We need a set of licenses that will allow people to subscribe to RSS feeds in web-based readers, but not to republish posts on their splogs. Any legal eagles out there willing to tackle this one? Do any of the CreativeCommons licenses cover RSS in this way? BoingBoing had a rant on the BBC's restrictive/ridiculous TOS for their RSS feeds a while back, but not much legal clarity.



Syndication Security Problem

Sun, 13 Nov 2005 04:47:00 -0800

SystemFilter: As mentioned before, I have a sudoku website, where I host tons of puzzles that I have generated. I am in the midst of writing a system to syndicate these puzzles, so anybody can embed my puzzles and solver in their site by using a bit of JS code (similar to google adsense). I've got a bit of a security problem that I can't quite solve... My system is quite similar to the way AdSense works, and I've got quite far already. You setup your syndication account and get given a snippet of JS, and a unique ID, to load the puzzle into your site. Each user will get a few hundred puzzles per day for free, so it's mainly targetted at small website operators.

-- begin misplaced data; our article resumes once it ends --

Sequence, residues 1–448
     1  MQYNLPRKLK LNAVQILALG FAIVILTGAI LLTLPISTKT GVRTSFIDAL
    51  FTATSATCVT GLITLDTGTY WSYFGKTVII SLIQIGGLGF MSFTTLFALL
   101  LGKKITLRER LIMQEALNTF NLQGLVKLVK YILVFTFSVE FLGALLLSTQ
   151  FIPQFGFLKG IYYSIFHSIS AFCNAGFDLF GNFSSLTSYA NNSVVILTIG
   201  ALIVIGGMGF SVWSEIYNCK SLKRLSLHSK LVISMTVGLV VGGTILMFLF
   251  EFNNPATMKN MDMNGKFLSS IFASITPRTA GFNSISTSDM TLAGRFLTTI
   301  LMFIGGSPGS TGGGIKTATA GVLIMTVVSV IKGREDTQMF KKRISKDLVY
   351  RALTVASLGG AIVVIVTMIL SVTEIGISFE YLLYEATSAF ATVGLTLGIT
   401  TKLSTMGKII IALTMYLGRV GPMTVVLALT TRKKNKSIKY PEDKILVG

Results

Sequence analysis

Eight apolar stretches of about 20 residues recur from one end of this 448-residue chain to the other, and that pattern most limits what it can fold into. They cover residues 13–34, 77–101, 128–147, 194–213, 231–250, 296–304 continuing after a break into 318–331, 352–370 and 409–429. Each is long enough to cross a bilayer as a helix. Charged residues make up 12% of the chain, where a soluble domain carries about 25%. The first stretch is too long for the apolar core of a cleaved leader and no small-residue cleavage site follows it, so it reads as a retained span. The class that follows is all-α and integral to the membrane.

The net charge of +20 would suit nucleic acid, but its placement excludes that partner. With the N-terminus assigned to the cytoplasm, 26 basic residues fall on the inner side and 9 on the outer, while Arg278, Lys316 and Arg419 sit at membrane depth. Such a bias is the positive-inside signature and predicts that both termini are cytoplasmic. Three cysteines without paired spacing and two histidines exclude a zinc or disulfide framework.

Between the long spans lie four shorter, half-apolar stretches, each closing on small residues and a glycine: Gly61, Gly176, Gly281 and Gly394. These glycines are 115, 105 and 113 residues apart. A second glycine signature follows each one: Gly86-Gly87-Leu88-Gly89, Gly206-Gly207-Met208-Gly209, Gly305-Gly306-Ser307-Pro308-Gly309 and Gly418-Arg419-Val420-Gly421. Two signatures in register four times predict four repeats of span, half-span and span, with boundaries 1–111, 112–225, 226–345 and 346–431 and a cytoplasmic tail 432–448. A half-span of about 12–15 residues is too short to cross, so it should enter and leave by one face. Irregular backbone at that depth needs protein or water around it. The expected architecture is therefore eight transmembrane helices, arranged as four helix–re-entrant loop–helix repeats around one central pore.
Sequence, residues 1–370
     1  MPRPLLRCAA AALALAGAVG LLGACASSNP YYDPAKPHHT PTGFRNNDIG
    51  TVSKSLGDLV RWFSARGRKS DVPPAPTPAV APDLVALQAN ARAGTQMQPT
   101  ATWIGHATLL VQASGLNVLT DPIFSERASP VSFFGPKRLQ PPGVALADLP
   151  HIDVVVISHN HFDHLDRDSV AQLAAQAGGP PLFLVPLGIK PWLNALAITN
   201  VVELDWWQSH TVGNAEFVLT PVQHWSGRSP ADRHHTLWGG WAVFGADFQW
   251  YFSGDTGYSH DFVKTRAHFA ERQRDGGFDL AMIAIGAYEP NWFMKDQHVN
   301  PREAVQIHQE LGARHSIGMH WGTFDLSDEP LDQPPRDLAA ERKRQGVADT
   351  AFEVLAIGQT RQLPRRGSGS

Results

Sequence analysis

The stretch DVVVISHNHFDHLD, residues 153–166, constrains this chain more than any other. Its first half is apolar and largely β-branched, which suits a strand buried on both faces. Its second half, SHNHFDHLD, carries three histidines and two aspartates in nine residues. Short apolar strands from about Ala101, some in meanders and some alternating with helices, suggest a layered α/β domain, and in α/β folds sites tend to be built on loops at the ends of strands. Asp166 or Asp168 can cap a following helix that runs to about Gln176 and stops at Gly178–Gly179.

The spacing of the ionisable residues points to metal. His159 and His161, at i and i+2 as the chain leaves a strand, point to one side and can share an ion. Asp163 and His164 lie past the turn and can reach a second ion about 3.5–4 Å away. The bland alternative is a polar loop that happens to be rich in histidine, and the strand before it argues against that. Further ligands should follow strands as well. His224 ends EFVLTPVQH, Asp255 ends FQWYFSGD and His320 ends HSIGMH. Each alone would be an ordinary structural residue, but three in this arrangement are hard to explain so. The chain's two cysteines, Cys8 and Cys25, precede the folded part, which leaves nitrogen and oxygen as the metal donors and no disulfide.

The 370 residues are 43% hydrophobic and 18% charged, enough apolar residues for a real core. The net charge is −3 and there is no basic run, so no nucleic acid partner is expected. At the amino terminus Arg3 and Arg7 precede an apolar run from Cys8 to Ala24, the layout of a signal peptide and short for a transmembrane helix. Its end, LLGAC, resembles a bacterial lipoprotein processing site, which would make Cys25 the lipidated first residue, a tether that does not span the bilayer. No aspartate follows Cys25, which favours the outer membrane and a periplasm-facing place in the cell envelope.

Here's the pinch. Because it's a block of JS code, I could go to X's website, copy the JS code, embed it in another site (client Y) and syndicate puzzles to that site, using X's client ID. Client X only has 250 puzzles per day and they're getting used by client Y, who is effectively stealing them from client X, so client X is getting hard done by. How can I prevent this?

The actual solver component is flash, so I can embed some intelligence in that, or customise it quite easily for each client. Perhaps making the solver check against what URL it is supposed to syndicate puzzles to? I don't believe in security through obscurity, so I would prefer something that is simple and transparent.



NYT Circumvention filter

Thu, 15 Sep 2005 09:46:38 -0800

How can I circumvent the NYT Op-ed wall? The New York Times will shortly begin charging for access to its op-ed columnists. I have no interest in paying for access to them, because they are not worth the cost to me. However, it would be nice to be able to read them on occasion without having to pay out.